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Summary

at San Francisco, California and other locations
study started
estimated completion:

Description

Summary

This study will test the hypothesis that treatment with laparoscopic anti-reflux surgery in subjects with idiopathic pulmonary fibrosis (IPF) and abnormal gastroesophageal reflux (GER) will slow the decline of forced vital capacity (FVC) over 48 weeks.

Official Title

Weighing Risks and Benefits of Laparoscopic Anti-Reflux Surgery in Patients With Idiopathic Pulmonary Fibrosis

Keywords

Idiopathic Pulmonary Fibrosis Gastroesophageal Reflux IPF GER GERD

Eligibility

You can join if…

  • Confirmed diagnosis of idiopathic pulmonary fibrosis
  • Abnormal GER on 24-hour pH monitoring (DeMeester score> 14.7)
  • Able to provide informed consent
  • Willing to undergo laparoscopic anti-reflux surgery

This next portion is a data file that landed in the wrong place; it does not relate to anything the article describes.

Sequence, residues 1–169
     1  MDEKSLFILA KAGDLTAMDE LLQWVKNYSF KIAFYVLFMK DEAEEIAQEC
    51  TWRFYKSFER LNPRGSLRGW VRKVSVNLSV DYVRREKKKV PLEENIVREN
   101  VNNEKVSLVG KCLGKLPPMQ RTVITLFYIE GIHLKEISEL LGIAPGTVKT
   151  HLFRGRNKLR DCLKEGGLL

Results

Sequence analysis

You CAN'T join if...

  • FVC < 50% predicted
  • FEV1/FVC ratio < 0.65
  • Resting room air PaO2 < 60mm Hg
  • Unable to walk 50 meters on 6 minute walk test
  • Acute respiratory illness in last 12 weeks
  • Experimental medication for IPF in last 28 days
  • Listed for lung transplantation at screening
  • Unable to safely undergo surgery
  • History of esophageal / bariatric / gastric surgery
  • History of cancer (other than non-melanoma skin cancer) in last 3 years
  • Pregnant at time of screening or enrollment
  • Unable to obtain pre-authorized approval from a third party payer for surgery and related costs
  • Life expectancy < 48 weeks due to another illness
  • BMI> 35
  • Known severe pulmonary hypertension (mean pressure> 35 mm Jg on RHC; RVSP> 50 mm Hg on ECHO)

Locations

  • University of Washington
    Seattle, Washington, United States
  • University of Wisconsin
    Madison, Wisconsin, United States
  • University of Chicago
    Chicago, Illinois, United States
  • University of Michigan
    Ann Arbor, Michigan, United States

Details

Status
in progress, not accepting new patients
Start Date
Completion Date
(estimated)
Sponsor
University of California, San Francisco
ID
NCT01982968
Phase
Phase 2
Lead Scientist
Harold Collard
Study Type
Interventional
Last Updated
October 1, 2016